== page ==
This is a myth that has caused serious confusion in the crested gecko world, and I know for a fact it has caused other reptile people, like ball python and leopard gecko breeders, to steer clear of crested geckos. The next time someone tells you crested gecko morphs are different because they're polygenic, remind them that ball python and leopard gecko designer combos are all polygenic and a lot of us understand how they work just fine. ;-)
Myth #5 - The tails of crested geckos don't regenerate or "grow back".
This one isn't harmful to the hobby, and is just something I've put here for fun. Technically speaking, it isn't true that crested gecko tails don't regenerate, and I'll explain why.
When the tail is autotomized, or dropped, technically speaking, new tail tissue and bone does grow back. What grows back, though, is a very short nub-like tail, similar to that of certain species of knobtail geckos. Sometimes the knob-tail will grow back about 1/4" long and occasionally it will grow to about 1/2" long. Philippe de Vosjoli reported that the knob-tail is longer the younger a gecko is when the tail is dropped, but I've never tracked and measured them myself.
But WHY don't they just grow back like normal?
From my experience observing tens of thousands of geckos at various stages in their growth and development cycle, and seeing the movements they make when trying to evade capture (by me), it makes perfect sense that a tail would be a disadvantage for older geckos. The larger a gecko gets, the heavier the tail gets. Not only does the tail weight down the rear end of the gecko, giving it reduced range when jumping, the tail also seems to slow them down on the ground. Fresh hatchlings, however, move very differently. The tail and abdomen move together in a serpentine fashion, with the tail seeming to help propel the gecko forward. When navigating brush or vegetation, hatchlings will often use the "toe pad" on the end of their tail to hold onto things and steady themselves. As they get older, they tend to not do this as often.
As it is the case with frogs, where the tail of tadpoles will eventually shorten and disappear, I believe this tail phenomenon in crested geckos is an evolutionary adaptation, and I think it's actually pretty cool. :-)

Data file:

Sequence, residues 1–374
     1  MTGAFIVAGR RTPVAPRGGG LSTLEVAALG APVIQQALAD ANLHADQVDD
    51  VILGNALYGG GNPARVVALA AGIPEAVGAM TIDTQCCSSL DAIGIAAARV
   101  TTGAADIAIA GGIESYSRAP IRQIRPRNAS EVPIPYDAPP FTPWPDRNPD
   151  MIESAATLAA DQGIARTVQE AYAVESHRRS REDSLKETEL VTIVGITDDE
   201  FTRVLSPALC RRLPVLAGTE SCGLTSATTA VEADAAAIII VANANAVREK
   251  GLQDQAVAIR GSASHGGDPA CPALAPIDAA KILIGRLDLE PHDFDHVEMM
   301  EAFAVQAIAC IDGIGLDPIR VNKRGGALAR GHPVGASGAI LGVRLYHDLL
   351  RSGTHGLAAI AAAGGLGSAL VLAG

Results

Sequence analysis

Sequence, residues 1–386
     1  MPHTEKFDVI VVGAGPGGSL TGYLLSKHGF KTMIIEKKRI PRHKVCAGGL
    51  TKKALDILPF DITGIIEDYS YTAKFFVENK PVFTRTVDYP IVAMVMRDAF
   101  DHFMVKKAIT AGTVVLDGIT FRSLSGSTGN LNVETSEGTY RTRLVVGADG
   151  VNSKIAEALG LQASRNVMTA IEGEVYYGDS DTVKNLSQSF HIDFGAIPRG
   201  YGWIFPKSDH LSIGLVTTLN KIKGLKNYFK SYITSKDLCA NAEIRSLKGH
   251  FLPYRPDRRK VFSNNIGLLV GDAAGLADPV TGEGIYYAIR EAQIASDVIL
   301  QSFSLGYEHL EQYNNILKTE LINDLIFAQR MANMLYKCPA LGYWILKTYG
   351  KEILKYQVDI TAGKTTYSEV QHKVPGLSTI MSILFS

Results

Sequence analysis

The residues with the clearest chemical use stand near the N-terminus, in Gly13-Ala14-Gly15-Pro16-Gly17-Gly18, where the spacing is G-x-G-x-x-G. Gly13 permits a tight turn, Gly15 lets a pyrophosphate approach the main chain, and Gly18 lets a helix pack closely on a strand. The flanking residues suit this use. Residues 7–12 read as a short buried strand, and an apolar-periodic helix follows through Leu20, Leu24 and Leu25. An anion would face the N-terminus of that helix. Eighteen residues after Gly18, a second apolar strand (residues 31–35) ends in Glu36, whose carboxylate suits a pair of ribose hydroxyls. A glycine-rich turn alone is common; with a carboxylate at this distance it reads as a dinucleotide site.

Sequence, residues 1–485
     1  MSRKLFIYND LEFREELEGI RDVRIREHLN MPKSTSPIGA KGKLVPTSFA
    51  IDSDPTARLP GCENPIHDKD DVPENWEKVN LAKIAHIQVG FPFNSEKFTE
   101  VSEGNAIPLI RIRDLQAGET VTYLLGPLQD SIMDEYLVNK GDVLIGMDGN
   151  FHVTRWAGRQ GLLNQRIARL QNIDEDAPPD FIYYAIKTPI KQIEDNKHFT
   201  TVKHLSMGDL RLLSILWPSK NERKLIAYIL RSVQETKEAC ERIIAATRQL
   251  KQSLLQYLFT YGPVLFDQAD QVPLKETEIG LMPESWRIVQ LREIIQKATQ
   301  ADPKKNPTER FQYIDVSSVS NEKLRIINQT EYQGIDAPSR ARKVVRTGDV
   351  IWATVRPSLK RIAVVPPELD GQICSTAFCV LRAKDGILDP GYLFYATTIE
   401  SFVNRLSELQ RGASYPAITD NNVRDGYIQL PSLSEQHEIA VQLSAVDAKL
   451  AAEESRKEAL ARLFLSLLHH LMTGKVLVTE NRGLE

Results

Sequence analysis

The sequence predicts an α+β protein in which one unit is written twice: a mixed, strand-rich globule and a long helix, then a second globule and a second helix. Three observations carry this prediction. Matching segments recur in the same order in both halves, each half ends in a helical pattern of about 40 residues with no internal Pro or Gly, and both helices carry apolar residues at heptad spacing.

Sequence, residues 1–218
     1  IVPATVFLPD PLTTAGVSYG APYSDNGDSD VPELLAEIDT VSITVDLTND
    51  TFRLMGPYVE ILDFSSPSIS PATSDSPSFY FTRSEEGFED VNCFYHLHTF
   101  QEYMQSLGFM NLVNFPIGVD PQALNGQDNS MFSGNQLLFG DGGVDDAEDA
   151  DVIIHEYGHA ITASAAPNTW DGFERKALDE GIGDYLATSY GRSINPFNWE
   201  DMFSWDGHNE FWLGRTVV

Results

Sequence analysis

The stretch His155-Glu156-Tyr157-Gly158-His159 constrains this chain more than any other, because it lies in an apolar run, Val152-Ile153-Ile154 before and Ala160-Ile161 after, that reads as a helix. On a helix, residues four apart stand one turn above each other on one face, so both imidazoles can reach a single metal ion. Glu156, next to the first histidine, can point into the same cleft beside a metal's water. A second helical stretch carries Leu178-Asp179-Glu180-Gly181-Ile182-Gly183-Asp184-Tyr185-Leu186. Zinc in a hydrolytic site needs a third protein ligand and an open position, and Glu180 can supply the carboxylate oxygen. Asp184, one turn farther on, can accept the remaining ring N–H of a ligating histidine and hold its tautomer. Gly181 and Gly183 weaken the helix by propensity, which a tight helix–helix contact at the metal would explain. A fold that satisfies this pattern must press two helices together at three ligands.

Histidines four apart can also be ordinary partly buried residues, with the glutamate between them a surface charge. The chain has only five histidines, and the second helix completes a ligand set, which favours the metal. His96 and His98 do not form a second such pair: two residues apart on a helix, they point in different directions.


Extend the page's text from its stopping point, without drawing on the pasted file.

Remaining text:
Myth #6 - A lavender has to fire up lavender to be considered a lavender.
Above is Stripes, the founding sire of my entire Lavender project. This 2004 male was incredibly high-end for his time in terms of color, pattern, and structure. He has sired well over 1,000 offspring to date, so just imagine how many grandchildren that makes for. Stripes is a common ancestor to nearly all of my lavender crested geckos, and likely a common ancestor to the vast majority of lavenders on the market today. You might be surprised to learn what other Pinstripe & Quad Stripe projects Stripes has played a major role in, as well.
This is a gem of a myth that just came up in the past year or so, and is one of the most ridiculous things I've seen posted on Facebook concerning crested geckos in a long time. I was actually called out and attacked in a Facebook group for not knowing what a lavender is - by a handful of people who were most likely in pre-k or kindergarten back in 2004, which is when I personally coined the term lavender in the crested gecko world (and of course had to defend it). :-)
1. Their reasoning, flawed as it may be, is that we normally call geckos by the color they fire up.
That's a good observation and all, but that's not a steadfast rule and it never has been. We only mention "fired-up" colors on most because a lot of geckos are a bland color that we don't want to look at (or talk about) when they're at rest. For example, "red" sounds better than "pinkish greyish tan", and "orange" sounds better than "sawdust".